Aloidendron dichotomum is a thickset tree aloe reaching heights from 3 m to 5 m, occasionally 7 m (SA Tree List No. 29).
The quiver tree in flower reminds of the gold of a kingdom of arid land survivor plants, where this majestic tree reigns with solemn dignity and gravitas over those that don't flinch or murmur when tested continually.
And yes, for those that admire them, they can be planted in parks and gardens where the drainage is sufficient. Other small matters of soil, temperature and rainfall also merit consideration. Heed the limits of the outdoor options to avoid loss and disappointment involving the art of the possible.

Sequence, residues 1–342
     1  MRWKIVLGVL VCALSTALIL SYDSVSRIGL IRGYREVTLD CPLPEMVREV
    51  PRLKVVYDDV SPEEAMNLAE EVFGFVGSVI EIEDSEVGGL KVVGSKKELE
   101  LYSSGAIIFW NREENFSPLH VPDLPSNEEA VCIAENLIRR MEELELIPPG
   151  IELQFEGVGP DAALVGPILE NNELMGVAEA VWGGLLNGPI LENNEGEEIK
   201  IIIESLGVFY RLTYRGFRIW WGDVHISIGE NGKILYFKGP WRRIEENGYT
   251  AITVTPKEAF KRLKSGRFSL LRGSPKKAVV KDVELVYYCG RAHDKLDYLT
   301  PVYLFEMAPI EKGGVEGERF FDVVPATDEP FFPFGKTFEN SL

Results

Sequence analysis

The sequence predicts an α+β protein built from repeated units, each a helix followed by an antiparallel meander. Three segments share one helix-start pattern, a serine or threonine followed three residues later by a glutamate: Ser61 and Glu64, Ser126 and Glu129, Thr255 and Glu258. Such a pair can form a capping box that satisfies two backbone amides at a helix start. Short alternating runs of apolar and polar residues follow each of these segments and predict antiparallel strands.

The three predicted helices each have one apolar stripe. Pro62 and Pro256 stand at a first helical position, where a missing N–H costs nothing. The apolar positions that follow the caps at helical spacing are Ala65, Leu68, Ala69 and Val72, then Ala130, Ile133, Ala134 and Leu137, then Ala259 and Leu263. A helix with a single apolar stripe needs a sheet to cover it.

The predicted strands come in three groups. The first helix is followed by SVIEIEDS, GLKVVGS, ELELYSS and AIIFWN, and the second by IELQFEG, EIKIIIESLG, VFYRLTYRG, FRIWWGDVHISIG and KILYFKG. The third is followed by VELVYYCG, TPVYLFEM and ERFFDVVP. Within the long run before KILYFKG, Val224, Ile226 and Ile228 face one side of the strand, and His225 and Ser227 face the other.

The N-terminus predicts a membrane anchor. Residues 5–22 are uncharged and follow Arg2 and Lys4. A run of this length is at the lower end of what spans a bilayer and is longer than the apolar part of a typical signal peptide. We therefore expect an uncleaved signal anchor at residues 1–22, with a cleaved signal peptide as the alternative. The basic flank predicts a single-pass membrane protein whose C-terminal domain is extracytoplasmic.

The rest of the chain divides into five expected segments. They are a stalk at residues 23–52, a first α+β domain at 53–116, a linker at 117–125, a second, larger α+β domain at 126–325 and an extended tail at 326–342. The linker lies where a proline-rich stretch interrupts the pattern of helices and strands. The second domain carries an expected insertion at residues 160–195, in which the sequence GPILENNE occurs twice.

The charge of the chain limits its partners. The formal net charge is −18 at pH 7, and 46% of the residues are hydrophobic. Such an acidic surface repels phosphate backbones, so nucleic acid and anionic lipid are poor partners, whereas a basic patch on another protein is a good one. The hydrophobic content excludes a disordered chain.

Here, in the Karoo Desert National Botanical Garden at Worcester, aloe royalty, be they Aloe or Aloidendron species, thrive and flower in winter with the locals of the tribe, particularly Aloe microstigma.
The smooth quiver tree stem with its bicolour patches of old and young bark forms an interesting yellow-grey pattern. The edges where the patches meet may have blade-like sharp margins, so beware.
The species distribution is in the Northern Cape, slightly into the far north of the Western Cape and also in southern Namibia. It doesn't grow in the Namib and Kalahari.
The habitat is desert and semi-desert areas on rocky slopes, often dolomite, among scrub and succulents. It is usually the tallest of the sparse prevailing vegetation and unlike it in size and shape. The rainfall here is low, received in winter.
The species is considered to be vulnerable in its habitat early in the twenty first century, due to trampling by livestock, harvesting of the plants and climate change (Frandsen, 2017; Smith, 2017; Coates Palgrave, 2002; Van Wyk and Gericke, 2003; http://redlist.sanbi.org).